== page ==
While creativity is always in order when writing fiction, I do think we have to be faithful to what we know of an individual’s actual life, even someone who lived two thousand years ago.

      One can take some liberties, of course, as I did in portraying Vespasian’s two older children (Titus and Flavia) as about 2-3 years older than they actually were in the years my story takes place. Without that minor adjustment, the story wouldn’t have worked. And in my Historical Note at the end of the book, I did “fess up” to what I had done and explained why. Nobody has objected, and I don’t think anybody would. Somebody’s exact age in a given year in the first century A.D. just isn’t that big a deal.

      It does get harder, of course, the further back in time one goes, because the documentation isn’t always good. Sometimes (as in the case of Flavia, it just isn’t there at all.

      And we do have to consider the problem of “unreliable sources,” people who may have had an ax to grind about some powerful or wealthy individual. But that’s also true about our modern times, too. Just more proof that the more things change, the more they stay the same!

  3. I’ve had readers tell me they were ready not to like my Simon & Elizabeth mysteries, for all the reasons you outline above. I think that careful “fleshing out” is allowable and fun for readers.

    Authors have to keep in mind whose “history” we’re using as research, too. Just like today’s Hollywood gossip circuit, courts of other times were rife with factions who said evil things about each other, silly people who believed everything they heard, and those who had their own reasons for saying rotten things (like Shakespeare, for example).

  4. I agree with the comments by both Susanne and Peg. We writers often carry the weight of what others wrote before us. If they did a good job with the same subjects we have chosen, readers may be favorably disposed toward our newer works. If what they wrote was not so great, especially if they botched the history, we have a doubly difficult job to do: first to convince them to take another stab at reading such a work, and second to make sure our own books are significantly better than the previous one(s).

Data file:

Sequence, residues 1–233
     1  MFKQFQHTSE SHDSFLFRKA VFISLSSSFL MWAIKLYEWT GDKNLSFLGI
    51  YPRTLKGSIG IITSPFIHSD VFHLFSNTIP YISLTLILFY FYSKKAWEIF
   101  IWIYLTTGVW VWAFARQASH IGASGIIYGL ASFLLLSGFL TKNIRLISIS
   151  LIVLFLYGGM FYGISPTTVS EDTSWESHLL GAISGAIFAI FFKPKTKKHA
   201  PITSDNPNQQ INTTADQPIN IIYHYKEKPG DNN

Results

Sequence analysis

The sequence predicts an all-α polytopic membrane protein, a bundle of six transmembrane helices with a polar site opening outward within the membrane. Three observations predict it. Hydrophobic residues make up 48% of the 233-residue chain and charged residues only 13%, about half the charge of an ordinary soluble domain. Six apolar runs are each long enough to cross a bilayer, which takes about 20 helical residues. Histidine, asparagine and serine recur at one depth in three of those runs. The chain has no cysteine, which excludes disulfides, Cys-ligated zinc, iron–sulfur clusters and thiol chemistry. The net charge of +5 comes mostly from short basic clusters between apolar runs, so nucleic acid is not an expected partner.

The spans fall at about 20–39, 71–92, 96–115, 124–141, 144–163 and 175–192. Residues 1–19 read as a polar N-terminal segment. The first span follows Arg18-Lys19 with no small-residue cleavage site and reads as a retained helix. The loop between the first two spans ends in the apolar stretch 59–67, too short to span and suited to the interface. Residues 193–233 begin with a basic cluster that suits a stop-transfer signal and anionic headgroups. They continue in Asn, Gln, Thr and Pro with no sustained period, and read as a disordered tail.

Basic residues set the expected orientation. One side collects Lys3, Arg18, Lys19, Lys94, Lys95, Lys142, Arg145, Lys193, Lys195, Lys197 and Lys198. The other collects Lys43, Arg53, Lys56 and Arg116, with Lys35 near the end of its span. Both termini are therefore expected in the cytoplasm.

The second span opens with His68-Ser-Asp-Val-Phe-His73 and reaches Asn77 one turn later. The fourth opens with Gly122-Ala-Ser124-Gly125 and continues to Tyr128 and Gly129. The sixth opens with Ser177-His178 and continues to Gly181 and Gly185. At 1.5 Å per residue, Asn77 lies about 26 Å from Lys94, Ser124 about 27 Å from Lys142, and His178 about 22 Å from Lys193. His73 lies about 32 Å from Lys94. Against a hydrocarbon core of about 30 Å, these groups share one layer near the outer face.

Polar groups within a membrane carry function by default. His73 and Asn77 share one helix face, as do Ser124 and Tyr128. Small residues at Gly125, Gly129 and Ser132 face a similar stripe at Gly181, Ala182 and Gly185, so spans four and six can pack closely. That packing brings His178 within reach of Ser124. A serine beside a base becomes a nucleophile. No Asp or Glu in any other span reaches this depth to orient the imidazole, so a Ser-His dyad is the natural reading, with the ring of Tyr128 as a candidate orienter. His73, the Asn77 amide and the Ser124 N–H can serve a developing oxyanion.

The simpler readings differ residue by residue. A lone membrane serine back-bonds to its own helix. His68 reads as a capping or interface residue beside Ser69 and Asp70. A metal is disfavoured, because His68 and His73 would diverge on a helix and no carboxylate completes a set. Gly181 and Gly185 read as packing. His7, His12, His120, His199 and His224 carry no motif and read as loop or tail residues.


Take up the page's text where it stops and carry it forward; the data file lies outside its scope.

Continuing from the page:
As regards Peg’s comment about court (and other) factions who perhaps did not report the facts as honestly as they should/could have (can anybody alive today imagine that?????), I recently read a marvelous novel by British mystery author Josephine Tey.

    Tey wrote a slew of fine books before her death in the early 1950s, but this particular one had to be exceptional. Called THE DAUGHTER OF TIME, it’s about a 20th century London detective who, to avoid going crazy while laid up in a hospital bed for weeks, sets about solving a four-hundred-year-old mystery from English history.

    If anybody wants to see exactly what Peg was getting at–the problem of unreliable sources–read Tey’s THE DAUGHTER OF TIME. You will love it, and you’ll learn a lot too.

  5. I had an advantage creating a story in a more recent period of history (though some might argue that it is not history, I believe the historical significance of the Cuban revolution is well established). Thus, I had the advantage of reliable records of the writings and speeches of my historical personages such as Fidel Castro, Che Guevara, Fulgencio Batista, and Ernest Hemingway. I placed their own words into their mouths and had my fictional characters respond. This process helped insure the historical accuracy of my work.

    • Jack, you’re lucky in writing about a period so close to our own, with such an abundance of first-person testimony to pour over. Sounds like a most interesting period to be working on, too!

      I’m old enough to remember the Cuban Revolution but don’t recall too many details. Your book will fill a gap for people today who need to understand a situation that began over 50 years ago but still exists today. Good luck with your books!

  6. Another great post, Martha.

    I always wonder: What IS the true story? What do we really have to go by–especially when it comes to ancient history? Fragments. And few of these fragments are written from a woman’s point-of-view. History is a puzzle, and many of the puzzle’s pieces are long forgotten or were never included. Even when the past is well documented, who can really know a person’s truth?

    • Hi Suzanne, and thanks for your praise for my post. It’s always good to hear from a fellow researcher and writer delving into the ancient world!

      Yes, lack of sources is a big problem, so sometimes it isn’t even a question of reliable or unreliable. And sources aren’t there at all to tell us much about the daily lives of lesser mortals such as women, slaves, the poor, etc.

      The personalities, appearance, and actions of those four historical men I wrote about in Rubies of the Viper, who all went on to be emperors of Rome, certainly are well documented. Doesn’t mean everything written about them is accurate, but the composite of information left to us does give some generally consistent details.

      But, as you point out, not with the women. Very little is known even of Nero’s Empress, Poppaea Sabina, who appears as a character in my novel and your (Vestal Virgin), and yet she’s one of the best-documented women of her time. We can only work with what we have, and where the history goes blank, as with Flavia, we just have to fill in those gaps as best we can.